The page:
By Andy Mannix
By Caleb Hannan
By Olivia LaVecchia
By CP Staff
By Aaron Rupar
By Jacob Wheeler
By Olivia LaVecchia
By Aaron Rupar
INSANE UNTIL PROVEN GUILTY:
Upon discovering that the man who shot his neighbor was eligible for release from a state mental hospital within six months, Sen. Doug Johnson (DFL-Tower) vowed to change the Minnesota laws governing the use of insanity as a criminal defense. Johnson wants to create a new category of guilt--"mentally ill but guilty"--which would force defendants to serve out the rest of their sentences in prison should a psychiatrist deem them "cured."
Hennepin County public defender Sergio Andrade opposes the measure. "I thought they called this double jeopardy since it would punish someone twice for the same crime," says Andrade, who also calls the bill "psychologically retroactive." He maintains that once convicts "get better," that is, understand that what they did was wrong, the provision will punish them for their psychological awakenings. "This just doesn't make any sense," says Andrade. The bill has been shelved for "further study."
Sen. Janet Johnson is requesting that $100,000 go to the Department of Natural Resources for her "Becoming an Outdoors Woman" program. She says the money, along with private-sector support, would be used to fund training seminars for women in "various outdoor activities such as hunting, fishing, canoeing, and orienteering." Johnson contends that the program, currently in its third year, is particularly important to single moms living in the city. "Many of these women have never had an outdoor experience and are raising kids on their own. We teach them to fish and hunt so they, in turn, can teach their own children." Men would not be barred from participating in the seminars, notes Johnson, who adds that the bill is netting plenty of support.
Rep. Dan McElroy (R-Burnsville) has it in for bill collectors. "If cops and social workers can't use aliases, why should collection agents be allowed to do so?" he asks. McElroy's bill would require bill collectors to use their real names on the job, maintaining that this will make them more "responsible for their behavior." Collection agencies insist that pseudonyms are necessary to "protect" employees. McElroy maintains that's a ploy: "Debt collectors don't want to be called at home." Despite rumors of an early death, the bill is gaining ground and is expected to make it to the House floor.
JOINING THE RANKS OF THE STATE MUFFIN:
In addition to the state mushroom (the morel, named in 1984), the state grain (wild rice, 1977) and the state muffin (blueberry, 1988), Sen. J. B. Johnson (DFL-Bemidji) and Rep. Willard Munger (DFL-Duluth) want to designate a state amphibian and state reptile. The two lawmakers have nominated the northern leopard frog and the blanding's turtle for the honorary posts. One caveat, however: The frog selected for the official portrait has to be "undeformed." The bill is leaping forward.
EVERY PARTY HAS A POOPER:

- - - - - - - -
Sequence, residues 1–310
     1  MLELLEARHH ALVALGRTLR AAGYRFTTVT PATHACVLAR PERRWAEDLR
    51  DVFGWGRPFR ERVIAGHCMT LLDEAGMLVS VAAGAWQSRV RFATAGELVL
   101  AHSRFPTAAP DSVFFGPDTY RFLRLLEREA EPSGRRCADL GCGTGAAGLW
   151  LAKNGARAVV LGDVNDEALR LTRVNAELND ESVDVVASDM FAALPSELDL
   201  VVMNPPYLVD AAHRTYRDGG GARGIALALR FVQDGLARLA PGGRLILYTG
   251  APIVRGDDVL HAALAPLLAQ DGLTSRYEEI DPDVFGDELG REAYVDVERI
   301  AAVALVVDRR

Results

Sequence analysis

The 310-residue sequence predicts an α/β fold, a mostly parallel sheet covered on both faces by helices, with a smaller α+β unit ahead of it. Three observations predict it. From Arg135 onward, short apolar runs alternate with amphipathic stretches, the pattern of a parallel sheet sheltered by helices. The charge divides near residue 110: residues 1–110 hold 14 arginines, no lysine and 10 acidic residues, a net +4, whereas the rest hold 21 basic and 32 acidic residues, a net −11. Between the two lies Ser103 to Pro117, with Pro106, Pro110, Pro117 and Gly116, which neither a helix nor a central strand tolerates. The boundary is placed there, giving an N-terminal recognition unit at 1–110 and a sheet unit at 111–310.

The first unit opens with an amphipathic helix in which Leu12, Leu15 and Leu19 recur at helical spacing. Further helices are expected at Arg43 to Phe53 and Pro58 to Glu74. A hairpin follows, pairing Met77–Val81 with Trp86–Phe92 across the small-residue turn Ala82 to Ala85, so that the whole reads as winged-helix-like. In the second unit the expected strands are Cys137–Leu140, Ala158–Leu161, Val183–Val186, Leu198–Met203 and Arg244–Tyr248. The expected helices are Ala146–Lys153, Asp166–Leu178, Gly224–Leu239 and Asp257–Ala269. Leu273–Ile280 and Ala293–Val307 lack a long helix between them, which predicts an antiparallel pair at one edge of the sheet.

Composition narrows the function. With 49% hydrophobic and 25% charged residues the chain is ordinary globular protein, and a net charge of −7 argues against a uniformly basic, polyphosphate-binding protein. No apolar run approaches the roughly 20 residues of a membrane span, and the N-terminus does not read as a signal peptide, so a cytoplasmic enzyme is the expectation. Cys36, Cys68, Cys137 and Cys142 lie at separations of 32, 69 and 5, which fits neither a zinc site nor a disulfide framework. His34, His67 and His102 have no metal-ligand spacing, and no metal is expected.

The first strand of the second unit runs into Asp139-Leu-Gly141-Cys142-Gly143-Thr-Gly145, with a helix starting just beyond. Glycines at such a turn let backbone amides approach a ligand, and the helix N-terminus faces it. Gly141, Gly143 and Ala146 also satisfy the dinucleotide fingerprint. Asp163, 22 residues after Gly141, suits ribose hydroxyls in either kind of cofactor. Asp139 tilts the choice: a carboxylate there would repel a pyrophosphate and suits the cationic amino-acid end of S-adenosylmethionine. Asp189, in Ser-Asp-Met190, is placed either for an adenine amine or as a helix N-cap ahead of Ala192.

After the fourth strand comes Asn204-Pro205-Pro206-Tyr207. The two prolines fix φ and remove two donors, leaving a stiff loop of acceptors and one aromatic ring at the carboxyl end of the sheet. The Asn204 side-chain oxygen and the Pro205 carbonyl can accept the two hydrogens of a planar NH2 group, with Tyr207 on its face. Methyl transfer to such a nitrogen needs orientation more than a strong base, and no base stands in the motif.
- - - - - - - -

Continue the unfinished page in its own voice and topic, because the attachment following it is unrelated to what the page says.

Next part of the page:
Thanks to Sen. Sheila Kiscaden (R-Rochester) and Rep. Ken Wolf (R-Burnsville), the Minnesota Legislature may permanently repeal the ban that has historically prohibited schools from starting before Labor Day. Although the proposal wouldn't take effect until the 2000-2001 school year, it faces strenuous opposition from the hospitality industry, which maintains that the measure will effectively kill summer's last official holiday. The provision has been folded into the K-12 education bill.
A LITTLE MOLD NEVER HURT
A proposal by Rep. Elaine Harder (R-Jackson) would limit liability for injury related to certain food donations. Harder says the impetus for the bill came from a Redwood County commissioner who doubles as a grocer. "He wanted to see the food that had expired but was unspoiled go to the county jail rather than the dumpster," she explains. Should Harder's provision pass, she says, other city, county, and regional agencies could receive these kinds of donations. The bill should land on the House floor soon.
AND JUST IN CASE:
Sen. Dave Kleis (R-St.Cloud) is advancing an amendment requiring autopsies in all unattended inmate deaths in state correctional facilities. Last check, the bill is still alive.
Ten-time losers in a lottery for a Minnesota moose-hunting license will face better odds if Rep. David Tomassoni (DFL-Chisholm) has his way. His bill, which calls for 5 percent of the moose-hunting licenses issued each year to come from a pool of perennially frustrated Elmer Fudds, has been tucked into the omnibus crime bill.
IS THAT A SNAPPING TURTLE IN YOUR POCKET OR ARE
YOU JUST HAPPY TO SEE ME?:
This piece of legislation, sponsored by Rep. Bob Milbert (DFL-St. Paul), should lay to rest the age-old mystery of who is and isn't legally entitled to transport turtles in Minnesota. It reads, in part: "A person may not take, possess, transport, or purchase turtles for sale without a turtle-seller's license, except... when buying turtles for retail sale at a location licensed by the departments of Agriculture or Health for sale or preparation of good[s]; when buying at [a] retail outlet; or when a nonresident buys turtles from licensed turtle-sellers for export out-of-state." We'll all sleep better at night once this passes.
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